Next September I’m taking gardeners on a once in a lifetime trip to northern Italy. It’s a 10 day trip starting with our overnight flight to Venice on September 6th, 2014 (my birthday). Gardeners who came to London with me last May have already started to sign up. There’s a $250 discount for travelers who sign up early. The price of the trip includes air fair, lodging, 12 meals, bus travel, admission to all venues and more. Highlights include Venice, Murano Island, Doge’s Palace, Giusti Giardino, Como, Lugano, Switzerland, Bellagio, Stresa, Lake Maggiore, Villa Cicogna Mozzoni, Isola Madre, Isola Bella.
We’ll have local professional guides at each area and I’ll be traveling with you to help them.
It’s going to be a wonderful time. There’s nothing better than traveling with other gardeners. But this trip is more than gardens, there will be lots of other things to see too.
Here are all the details.
Call me with questions, 412-779-5861.

Grow Lettuce, Spinach and Chives on the windowsill as seen on KDKA’s Pittsburgh Today Live

February 26th, 2014

Growing things like lettuce, spinach and chives is easy.

Growing things like lettuce, spinach and chives is easy.


As the endless winter continues, here’s a great project to keep gardeners sane. I found some great looking lettuce, spinach and chive plants at Chapon’s Greenhouse in Baldwin. I also found the right sized pots to fit on the windowsill there too, but I bet you could find them at your local garden center too. If you don’t want to make one of these, they sell them already planted, but then you won’t get your hands dirty.
There’s not much to it really. Fill the container with moist planting mix and work in your plants with the tallest in the middle and smallest along the edges. Keep them watered in the windowsill until mid-April when they can go outside. Harvest as needed.
Have fun planting!

Recipe for Hope and recipe for Seafood Lasagna

February 19th, 2014

Here I am with the amazing Bonny Diver, the person behind Hair Peace Charities.

Here I am with the amazing Bonny Diver, the person behind Hair Peace Charities.

Recipe for Hope is this Saturday 2/22/14. It’s an event which helps Hair Peace Charities, a charity helping women with cancer. Here are all the details.
This is the recipe my wife Cindy came up with for the first Recipe for Hope, it’s Seafood Lasagna-

Ingredients-
sauce
1 large onion diced
1 head of garlic minced
1 pound frozen lobster pieces
3 ounces sun dried tomatoes
1 cup white wine
6 ounces fontinella cheese grated
6 ounces of gorganzola cheese crumbled
1 cup butter
5 leaves of basil chopped
2 tsp oregano chopped
1 tbs lemon juice
2 cups half and half

Filling
46 ounces riccota cheese
10 ounce box of frozen spinach
2 eggs beaten
1 cup of romano cheese grated
1 tbs parsley chopped

1 box (nine ounces) Barilla oven bake lasagna noodles

16 ounces mozerella cheese

4 tbs of extra virgin olive oil
salt and pepper to taste

Put olive oil in a fry pan on medium heat. Add onions and cook four minutes, then add garlic cook until onions are soft and trasnparent.
Keep garlic moving don’t burn. Add tomatoes, lobster, wine and bring to boil.
Reduce heat add butter, gorganzola and fontinella cheeses and half and half. Squeeze a fresh lemon. Stir and simmer until smooth.
To make filling-
In a large bowl combine spinach and riccota cheese, eggs, parsley and salt and pepper.
To assemble-
Pour enough sauce to cover the bottom of a large baking pan. Layer noodles on the sauce hen cover them with the ricotta/spinach mixture. Pour enough sauce to cover. Continue intil pan is filled with layers of noodles, sauce and ricotta/spinach mix.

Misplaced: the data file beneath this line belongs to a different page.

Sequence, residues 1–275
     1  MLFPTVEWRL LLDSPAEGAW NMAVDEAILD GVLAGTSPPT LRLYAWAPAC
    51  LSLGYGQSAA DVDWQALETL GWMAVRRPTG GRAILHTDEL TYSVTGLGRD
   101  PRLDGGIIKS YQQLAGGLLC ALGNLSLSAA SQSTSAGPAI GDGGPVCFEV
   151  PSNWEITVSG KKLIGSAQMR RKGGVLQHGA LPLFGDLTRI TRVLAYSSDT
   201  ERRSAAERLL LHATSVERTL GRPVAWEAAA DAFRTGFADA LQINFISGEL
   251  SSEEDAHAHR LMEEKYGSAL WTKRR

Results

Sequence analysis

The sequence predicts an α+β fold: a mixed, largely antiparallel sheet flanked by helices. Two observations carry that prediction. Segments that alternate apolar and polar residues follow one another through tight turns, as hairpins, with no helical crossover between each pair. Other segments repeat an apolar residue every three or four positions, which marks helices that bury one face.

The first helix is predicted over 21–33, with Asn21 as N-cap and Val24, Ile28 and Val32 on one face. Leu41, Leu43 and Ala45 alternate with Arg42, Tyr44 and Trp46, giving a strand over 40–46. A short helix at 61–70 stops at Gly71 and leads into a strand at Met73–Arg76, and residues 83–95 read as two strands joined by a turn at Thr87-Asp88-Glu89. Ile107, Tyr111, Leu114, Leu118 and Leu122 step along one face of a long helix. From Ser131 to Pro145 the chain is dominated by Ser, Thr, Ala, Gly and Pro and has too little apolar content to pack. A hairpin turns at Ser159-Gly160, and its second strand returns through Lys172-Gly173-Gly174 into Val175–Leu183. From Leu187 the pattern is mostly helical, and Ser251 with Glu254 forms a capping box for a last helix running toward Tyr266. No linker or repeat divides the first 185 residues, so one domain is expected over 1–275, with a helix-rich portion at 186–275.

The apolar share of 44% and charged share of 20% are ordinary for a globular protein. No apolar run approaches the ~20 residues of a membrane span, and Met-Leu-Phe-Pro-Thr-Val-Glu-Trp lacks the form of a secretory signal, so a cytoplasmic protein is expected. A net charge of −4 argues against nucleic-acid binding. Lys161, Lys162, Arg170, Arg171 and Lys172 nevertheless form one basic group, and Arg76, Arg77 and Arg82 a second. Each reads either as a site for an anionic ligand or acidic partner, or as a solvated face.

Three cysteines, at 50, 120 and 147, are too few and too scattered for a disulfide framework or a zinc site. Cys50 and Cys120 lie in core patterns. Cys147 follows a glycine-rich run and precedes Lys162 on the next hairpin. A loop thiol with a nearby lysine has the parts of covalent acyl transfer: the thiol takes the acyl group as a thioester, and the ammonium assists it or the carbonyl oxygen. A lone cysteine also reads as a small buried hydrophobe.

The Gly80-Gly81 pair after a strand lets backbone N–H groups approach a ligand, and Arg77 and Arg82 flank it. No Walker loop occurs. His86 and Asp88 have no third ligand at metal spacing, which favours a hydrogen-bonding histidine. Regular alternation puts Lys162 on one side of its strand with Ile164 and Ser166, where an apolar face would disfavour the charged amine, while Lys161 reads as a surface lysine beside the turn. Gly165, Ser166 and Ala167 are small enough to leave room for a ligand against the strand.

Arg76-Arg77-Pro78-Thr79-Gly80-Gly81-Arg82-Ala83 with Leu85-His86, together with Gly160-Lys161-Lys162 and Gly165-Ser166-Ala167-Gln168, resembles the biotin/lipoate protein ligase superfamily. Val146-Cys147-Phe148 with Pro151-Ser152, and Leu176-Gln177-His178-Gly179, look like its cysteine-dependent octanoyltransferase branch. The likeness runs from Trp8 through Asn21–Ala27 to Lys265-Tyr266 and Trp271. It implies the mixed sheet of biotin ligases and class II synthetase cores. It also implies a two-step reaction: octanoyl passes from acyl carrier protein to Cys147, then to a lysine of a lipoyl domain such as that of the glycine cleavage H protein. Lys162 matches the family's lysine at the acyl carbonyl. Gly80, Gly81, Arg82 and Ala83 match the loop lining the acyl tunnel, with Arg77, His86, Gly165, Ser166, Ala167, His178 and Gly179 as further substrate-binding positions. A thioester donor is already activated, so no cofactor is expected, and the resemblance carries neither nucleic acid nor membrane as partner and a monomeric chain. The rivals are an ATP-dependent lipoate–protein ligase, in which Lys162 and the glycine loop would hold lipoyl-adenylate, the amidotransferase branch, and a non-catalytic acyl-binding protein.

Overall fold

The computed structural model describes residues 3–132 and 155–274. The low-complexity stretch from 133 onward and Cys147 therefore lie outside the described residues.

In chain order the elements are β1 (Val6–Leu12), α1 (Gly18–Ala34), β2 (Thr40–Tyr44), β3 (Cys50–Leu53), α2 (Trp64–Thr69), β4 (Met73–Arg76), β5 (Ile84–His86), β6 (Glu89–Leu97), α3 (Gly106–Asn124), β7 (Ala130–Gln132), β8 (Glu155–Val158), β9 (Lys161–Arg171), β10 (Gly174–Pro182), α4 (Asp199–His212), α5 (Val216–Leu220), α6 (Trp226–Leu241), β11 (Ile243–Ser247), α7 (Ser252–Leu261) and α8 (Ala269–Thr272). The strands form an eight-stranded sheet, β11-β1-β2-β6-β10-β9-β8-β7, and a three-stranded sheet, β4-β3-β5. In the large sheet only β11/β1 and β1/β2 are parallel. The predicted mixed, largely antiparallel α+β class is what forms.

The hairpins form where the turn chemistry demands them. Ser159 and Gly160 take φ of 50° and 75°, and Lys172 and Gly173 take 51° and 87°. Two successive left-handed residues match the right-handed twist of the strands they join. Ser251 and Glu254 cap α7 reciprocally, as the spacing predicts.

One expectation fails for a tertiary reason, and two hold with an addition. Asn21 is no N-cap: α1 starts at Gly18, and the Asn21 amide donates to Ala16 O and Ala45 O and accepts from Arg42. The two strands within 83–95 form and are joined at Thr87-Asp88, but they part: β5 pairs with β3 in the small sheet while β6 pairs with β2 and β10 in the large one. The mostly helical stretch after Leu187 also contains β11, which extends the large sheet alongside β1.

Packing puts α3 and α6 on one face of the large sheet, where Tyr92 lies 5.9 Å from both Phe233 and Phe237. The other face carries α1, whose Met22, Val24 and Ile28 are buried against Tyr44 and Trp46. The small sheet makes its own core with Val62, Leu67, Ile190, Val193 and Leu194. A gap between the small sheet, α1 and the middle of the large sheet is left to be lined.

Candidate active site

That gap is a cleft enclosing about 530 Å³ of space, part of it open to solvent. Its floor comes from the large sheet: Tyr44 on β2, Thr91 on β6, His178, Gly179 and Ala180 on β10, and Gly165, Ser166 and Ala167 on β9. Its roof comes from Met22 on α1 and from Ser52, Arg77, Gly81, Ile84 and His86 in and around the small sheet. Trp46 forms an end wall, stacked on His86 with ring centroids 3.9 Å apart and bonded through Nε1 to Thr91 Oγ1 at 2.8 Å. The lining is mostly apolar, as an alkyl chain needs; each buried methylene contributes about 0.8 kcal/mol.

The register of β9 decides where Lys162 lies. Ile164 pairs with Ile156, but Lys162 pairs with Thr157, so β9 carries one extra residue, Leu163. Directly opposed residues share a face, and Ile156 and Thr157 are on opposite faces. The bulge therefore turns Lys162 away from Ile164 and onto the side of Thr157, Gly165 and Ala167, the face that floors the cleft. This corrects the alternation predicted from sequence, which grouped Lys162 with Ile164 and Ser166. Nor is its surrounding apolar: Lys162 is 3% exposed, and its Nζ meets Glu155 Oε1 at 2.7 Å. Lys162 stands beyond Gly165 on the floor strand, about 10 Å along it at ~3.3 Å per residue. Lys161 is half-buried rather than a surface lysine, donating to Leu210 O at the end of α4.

On top of that add mozarella cheese.
Bake one hour at 350 degrees covered. Take out of oven and let sit for 20 minutes before serving.
Serves 8-12

Valentine’s Day Alternatives as seen on PIttsburgh Today Live

February 13th, 2014

Roses aren't the only flowers which make great gifts for Valentine's Day.

Roses aren’t the only flowers which make great gifts for Valentine’s Day.


Ok, you’ve got to buy roses, right?I think there are better choices for Valentine’s Day, but no one wants to end up in the dog house.
Keeping roses looking their best means cutting the bottoms of the stems before putting them in water and adding a drop or two of bleach to keep bacteria at bay. Change the water daily and give the roses another cut at the bottom after a few days.
For some reason a penny in the vase helps too.
There are lots of plants which will last longer than a dozen roses. Every time your significant other looks at these plants, they will think of you.
Potted miniature roses will live all winter on the windowsill and can go into the garden in April where they will last for many years.
Cyclamen is one of the only houseplants which should be kept on the moist side. When watered frequently they will bloom for months.
How about an orchid, they will bloom for months too.
I found some really cool plants at Chapon’s Greenhouse, including a heart shaped topiary.
One more tip for those roses, dry them when their time is done in the vase and they will last forever, just like your undying love for your partner.

Explore the Gardens of Italy with Doug!

February 5th, 2014

This garden is one we'll see on my trip to Northern Italy.

This garden is one we’ll see on my trip to Northern Italy.


Next September I’m taking gardeners on a once in a lifetime trip to northern Italy. It’s a 10 day trip starting with our overnight flight to Venice on September 6th, 2014 (my birthday). Gardeners who came to London with me last May have already started to sign up. There’s a $250 discount for travelers who sign up early. The price of the trip includes air fair, lodging, 12 meals, bus travel, admission to all venues and more. Highlights include Venice, Murano Island, Doge’s Palace, Giusti Giardino, Como, Lugano, Switzerland, Bellagio, Stresa, Lake Maggiore, Villa Cicogna Mozzoni, Isola Madre, Isola Bella.
We’ll have local professional guides at each area and I’ll be traveling with you to help them.
It’s going to be a wonderful time. There’s nothing better than traveling with other gardeners. But this trip is more than gardens, there will be lots of other things to see too.
Here are all the details.
Call me with questions, 412-779-5861.